ROCHESTER, N.Y., Aug. 15 (UPI) -- Neuroscientists are the University of Rochester are taking sentence diagramming to the next level.
For the first time, scientists decoded sentences by analyzing human brain activity, allowing researchers to identify word signatures among brain activity patterns and predict their appearance in different sentences.
Neuroscientists have done a number of studies focusing on the representation of words in the brain, but most have focused on single words. Researchers at Rochester focused on the representation of words within the context of a sentence.
The researchers recruited study participants to silently read dozens of sentences while their brain activity was monitored using functional magnetic resonance imaging.
"Using fMRI data, we wanted to know if given a whole sentence, can we filter out what the brain's representation of a word is -- that is to say, can we break the sentence apart into its word components, then take the components and predict what they would look like in a new sentence," Andrew Anderson, a research fellow at Rochester, explained in a news release.
Fourteen participants read 240 sentences. By analyzing the brain activity pattern for each sentence, researchers were able to dissect specific word representations and predict their future appearance with a success rate of 70 percent.
Researchers further buoyed their semantic model by plotting the sensory, emotional and social context of 242 words. For example, researchers had study participants rate each word or root concept, on a scale of zero to six, for 65 attributes -- including "color," "pleasant," "loud," and "time."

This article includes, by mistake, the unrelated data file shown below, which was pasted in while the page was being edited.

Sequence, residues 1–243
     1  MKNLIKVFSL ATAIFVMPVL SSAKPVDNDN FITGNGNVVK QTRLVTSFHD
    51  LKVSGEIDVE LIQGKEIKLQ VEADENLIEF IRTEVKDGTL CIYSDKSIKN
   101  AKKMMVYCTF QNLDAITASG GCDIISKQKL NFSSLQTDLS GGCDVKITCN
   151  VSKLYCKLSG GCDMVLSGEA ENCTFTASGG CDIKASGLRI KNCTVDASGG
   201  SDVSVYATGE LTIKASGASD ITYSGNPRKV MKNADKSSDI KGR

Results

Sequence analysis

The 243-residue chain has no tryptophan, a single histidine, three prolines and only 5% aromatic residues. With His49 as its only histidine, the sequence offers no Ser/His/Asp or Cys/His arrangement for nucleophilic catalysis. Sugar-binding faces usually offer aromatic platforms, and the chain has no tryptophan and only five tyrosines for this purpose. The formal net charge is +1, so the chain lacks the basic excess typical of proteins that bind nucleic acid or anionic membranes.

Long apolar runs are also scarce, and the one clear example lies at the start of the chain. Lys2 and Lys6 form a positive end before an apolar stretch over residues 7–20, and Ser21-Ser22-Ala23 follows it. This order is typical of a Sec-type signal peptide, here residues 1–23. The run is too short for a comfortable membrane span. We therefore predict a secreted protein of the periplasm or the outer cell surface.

"The strength of association of each word and its attributes allowed us to estimate how its meanings would be represented across the brain using fMRI," said Rajeev Raizada, assistant professor of brain and cognitive sciences at Rochester.
Researchers were able to use this analysis to work backward and predict the patterns of entirely new sentences, using their understanding of the previous sentences and the representations of the aforementioned 242 words.
The findings -- detailed in the journal Cerebral Cortex -- are part of growing body of science illuminating the ways language and meaning are represented in the brain. But there is more illuminating yet to be done.
"Not now, not next year, but this kind of research may eventually help individuals who have problems with producing language, including those who suffer from traumatic brain injuries or stroke," concluded Anderson.